Springfield Makes Smart Choice with MGM
Endeavors to place a casino in downtown Springfield have a long way to go — the process is really only in stage one — but the city is off to what would have to be considered a very solid start.
Indeed, it chose the right development to take to the next stage — MGM’s proposal for the South End — and it negotiated smartly, securing a host-community agreement that benefits the city and region in a number of ways, but without putting too great a financial burden on the company.
That agreement includes everything from annual payments to the city totaling $25 million to improvements for Riverfront Park; from support for local entertainment venues, including the MassMutual Center, Symphony Hall, and CityStage, to so-called community-impact payments that have the potential to greatly improve overall public safety downtown. There’s even a provision for MGM to finance construction of a pavilion at Franconia Golf Course, one that will, in theory, enable the course to host more events and the city to net more revenue.
The challenge now is to continue working with MGM to shape a project that will not only win the favor of voters in the city and then the Gaming Commission — although both of those are critical — but also succeed in the broad and complex goal of transforming the South End neighborhood.
And it is that piece that ultimately makes this project the far better option for Springfield than Penn National’s proposal to build in the city’s North End.
That plan, which did have some merit, would have relocated two large businesses — Peter Pan and the Republican — thus creating what the developers called a ripple effect that would boost downtown (the Republican would have relocated there), Union Station (Peter Pan would have moved there), and an East Springfield industrial park (the newspaper’s printing operations would have gone there).
But those developments cannot be considered game-changing in stature. Those involving the city’s South End neighborhood are definitely worthy of that descriptive phrase, although it must be said that the game can be changed in many ways, and the jury is still very much out on whether a casino can positively transform a severely challenged urban area.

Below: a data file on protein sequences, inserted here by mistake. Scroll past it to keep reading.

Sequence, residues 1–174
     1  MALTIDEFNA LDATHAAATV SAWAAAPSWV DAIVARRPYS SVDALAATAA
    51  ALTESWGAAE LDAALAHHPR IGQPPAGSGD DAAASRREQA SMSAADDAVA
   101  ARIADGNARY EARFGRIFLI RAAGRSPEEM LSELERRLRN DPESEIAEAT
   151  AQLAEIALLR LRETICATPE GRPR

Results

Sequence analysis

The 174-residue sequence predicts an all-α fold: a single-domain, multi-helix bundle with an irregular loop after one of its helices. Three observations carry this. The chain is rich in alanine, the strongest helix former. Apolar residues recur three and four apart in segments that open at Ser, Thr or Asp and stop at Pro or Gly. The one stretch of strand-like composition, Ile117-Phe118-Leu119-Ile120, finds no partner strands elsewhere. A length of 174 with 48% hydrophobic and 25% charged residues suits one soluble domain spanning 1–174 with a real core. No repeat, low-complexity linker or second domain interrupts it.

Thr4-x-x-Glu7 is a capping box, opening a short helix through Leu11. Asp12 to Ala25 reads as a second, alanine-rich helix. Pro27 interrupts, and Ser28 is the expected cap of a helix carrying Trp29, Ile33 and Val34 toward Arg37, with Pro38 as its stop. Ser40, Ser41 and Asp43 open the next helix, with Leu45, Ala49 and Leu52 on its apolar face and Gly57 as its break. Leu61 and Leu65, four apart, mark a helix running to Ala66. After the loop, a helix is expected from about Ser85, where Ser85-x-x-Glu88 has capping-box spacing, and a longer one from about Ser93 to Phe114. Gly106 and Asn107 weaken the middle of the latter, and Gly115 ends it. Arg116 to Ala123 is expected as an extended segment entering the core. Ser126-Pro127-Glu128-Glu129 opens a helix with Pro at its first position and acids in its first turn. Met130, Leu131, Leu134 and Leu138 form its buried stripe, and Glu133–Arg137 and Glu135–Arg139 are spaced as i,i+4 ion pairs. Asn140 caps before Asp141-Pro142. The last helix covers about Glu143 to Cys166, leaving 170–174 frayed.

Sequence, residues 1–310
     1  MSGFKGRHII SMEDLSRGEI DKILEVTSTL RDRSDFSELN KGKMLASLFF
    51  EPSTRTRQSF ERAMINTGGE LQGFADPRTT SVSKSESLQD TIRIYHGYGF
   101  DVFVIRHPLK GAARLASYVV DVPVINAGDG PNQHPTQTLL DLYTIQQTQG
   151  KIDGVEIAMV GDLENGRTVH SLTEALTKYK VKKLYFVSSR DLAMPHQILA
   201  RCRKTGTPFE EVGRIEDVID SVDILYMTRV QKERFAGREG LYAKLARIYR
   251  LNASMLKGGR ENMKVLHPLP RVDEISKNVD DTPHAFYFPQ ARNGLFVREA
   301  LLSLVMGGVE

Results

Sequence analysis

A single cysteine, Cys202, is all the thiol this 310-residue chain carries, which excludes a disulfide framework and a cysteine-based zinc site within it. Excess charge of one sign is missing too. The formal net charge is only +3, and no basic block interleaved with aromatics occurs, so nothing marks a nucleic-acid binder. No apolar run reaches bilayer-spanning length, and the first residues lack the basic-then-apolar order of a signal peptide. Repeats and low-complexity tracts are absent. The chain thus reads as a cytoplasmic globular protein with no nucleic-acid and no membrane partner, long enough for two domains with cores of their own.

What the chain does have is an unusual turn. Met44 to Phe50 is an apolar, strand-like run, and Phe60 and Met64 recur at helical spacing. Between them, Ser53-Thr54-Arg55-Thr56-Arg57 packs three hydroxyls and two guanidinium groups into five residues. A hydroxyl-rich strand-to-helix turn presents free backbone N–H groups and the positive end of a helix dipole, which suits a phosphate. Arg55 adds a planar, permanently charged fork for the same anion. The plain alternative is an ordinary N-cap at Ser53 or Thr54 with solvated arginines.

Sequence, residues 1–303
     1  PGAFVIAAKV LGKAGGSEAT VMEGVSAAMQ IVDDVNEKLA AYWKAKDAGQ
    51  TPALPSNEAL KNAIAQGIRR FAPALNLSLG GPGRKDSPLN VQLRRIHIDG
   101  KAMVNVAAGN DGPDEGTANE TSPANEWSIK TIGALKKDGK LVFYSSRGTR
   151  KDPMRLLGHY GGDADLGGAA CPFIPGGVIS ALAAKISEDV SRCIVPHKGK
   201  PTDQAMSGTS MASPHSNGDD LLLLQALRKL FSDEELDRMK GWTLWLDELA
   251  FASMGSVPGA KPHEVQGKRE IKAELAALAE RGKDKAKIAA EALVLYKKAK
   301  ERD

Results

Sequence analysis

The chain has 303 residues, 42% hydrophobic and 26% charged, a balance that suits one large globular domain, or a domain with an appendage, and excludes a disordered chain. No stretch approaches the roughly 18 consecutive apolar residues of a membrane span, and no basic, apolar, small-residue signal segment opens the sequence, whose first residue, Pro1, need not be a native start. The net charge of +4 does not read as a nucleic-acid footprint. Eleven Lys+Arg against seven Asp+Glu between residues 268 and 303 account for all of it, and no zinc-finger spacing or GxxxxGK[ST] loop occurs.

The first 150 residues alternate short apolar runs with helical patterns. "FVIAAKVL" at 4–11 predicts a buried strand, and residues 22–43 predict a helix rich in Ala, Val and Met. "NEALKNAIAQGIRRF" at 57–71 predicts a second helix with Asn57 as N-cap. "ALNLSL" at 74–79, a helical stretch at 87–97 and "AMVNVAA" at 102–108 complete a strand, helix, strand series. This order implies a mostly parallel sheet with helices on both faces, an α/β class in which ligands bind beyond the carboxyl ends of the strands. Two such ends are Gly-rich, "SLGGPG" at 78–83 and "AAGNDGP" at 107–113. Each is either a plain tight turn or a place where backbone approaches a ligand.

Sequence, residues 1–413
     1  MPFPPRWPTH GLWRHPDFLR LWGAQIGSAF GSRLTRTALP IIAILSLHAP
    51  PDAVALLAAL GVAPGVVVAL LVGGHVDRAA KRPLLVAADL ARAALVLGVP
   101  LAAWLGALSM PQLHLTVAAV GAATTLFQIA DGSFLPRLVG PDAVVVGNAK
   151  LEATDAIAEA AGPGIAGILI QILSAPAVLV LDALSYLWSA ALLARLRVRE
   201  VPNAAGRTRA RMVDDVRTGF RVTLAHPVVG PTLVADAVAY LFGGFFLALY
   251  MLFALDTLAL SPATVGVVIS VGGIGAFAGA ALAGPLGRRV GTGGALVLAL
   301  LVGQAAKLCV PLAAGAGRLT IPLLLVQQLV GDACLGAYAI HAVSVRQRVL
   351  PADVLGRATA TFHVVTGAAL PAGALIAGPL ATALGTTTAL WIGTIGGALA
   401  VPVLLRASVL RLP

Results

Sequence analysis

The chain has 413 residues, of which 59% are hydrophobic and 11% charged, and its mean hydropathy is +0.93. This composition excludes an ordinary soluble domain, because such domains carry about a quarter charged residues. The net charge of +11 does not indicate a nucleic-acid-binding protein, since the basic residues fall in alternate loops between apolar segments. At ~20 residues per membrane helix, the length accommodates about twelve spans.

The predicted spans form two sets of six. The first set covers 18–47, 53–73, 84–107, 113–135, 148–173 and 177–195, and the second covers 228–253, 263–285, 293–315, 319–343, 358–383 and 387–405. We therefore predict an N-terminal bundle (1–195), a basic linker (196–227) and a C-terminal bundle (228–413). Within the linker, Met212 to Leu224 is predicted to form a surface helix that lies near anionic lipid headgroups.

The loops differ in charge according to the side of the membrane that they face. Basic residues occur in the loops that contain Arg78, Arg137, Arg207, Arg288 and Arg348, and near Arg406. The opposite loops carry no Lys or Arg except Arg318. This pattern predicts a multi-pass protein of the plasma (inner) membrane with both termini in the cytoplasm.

For now, though, this is clearly the right pick for Springfield.
The MGM plan could take a neighborhood that has, for the most part, been down and virtually out since the construction of I-91 fractured it, and give it the catalyst for progress that has been missing for four decades.
The MGM proposal, focused more on entertainment than it is on pure gaming, would bring people to the South End who would ordinarily avoid that part of town. And while doing so, it brings the promise of deeper change — new businesses, market-rate housing, momentum, and a real sense of hope.
When BusinessWest traveled with the City 2 City contingent to Bethlehem, Pa. last November, we heard from officials there who were determined not to simply put a casino within the city where it made sense from a traffic and parking perspective — although those matters figured into the equation. Instead, they focused on locating the casino where it would make a real difference — in that case, the site of the former steel mill that once gave the city its identity but then sat lifeless for years.
Today, there is plenty of life on that site, from new arts venues to fledgling businesses to new work/live projects that are bringing young people to Bethlehem and hope for the future. And little, if any, of it would have happened without the casino.
Springfield needs — and deserves — a project that can do the same thing. The MGM proposal has the vast potential for being the catalyst this city desires, and we’re encouraged by the fact that it is the last Springfield proposal standing.
As we said, there is a long way to go in this process, but the city is, to borrow a phrase from the industry, riding the right horse.
Now it has to get it to the finish line.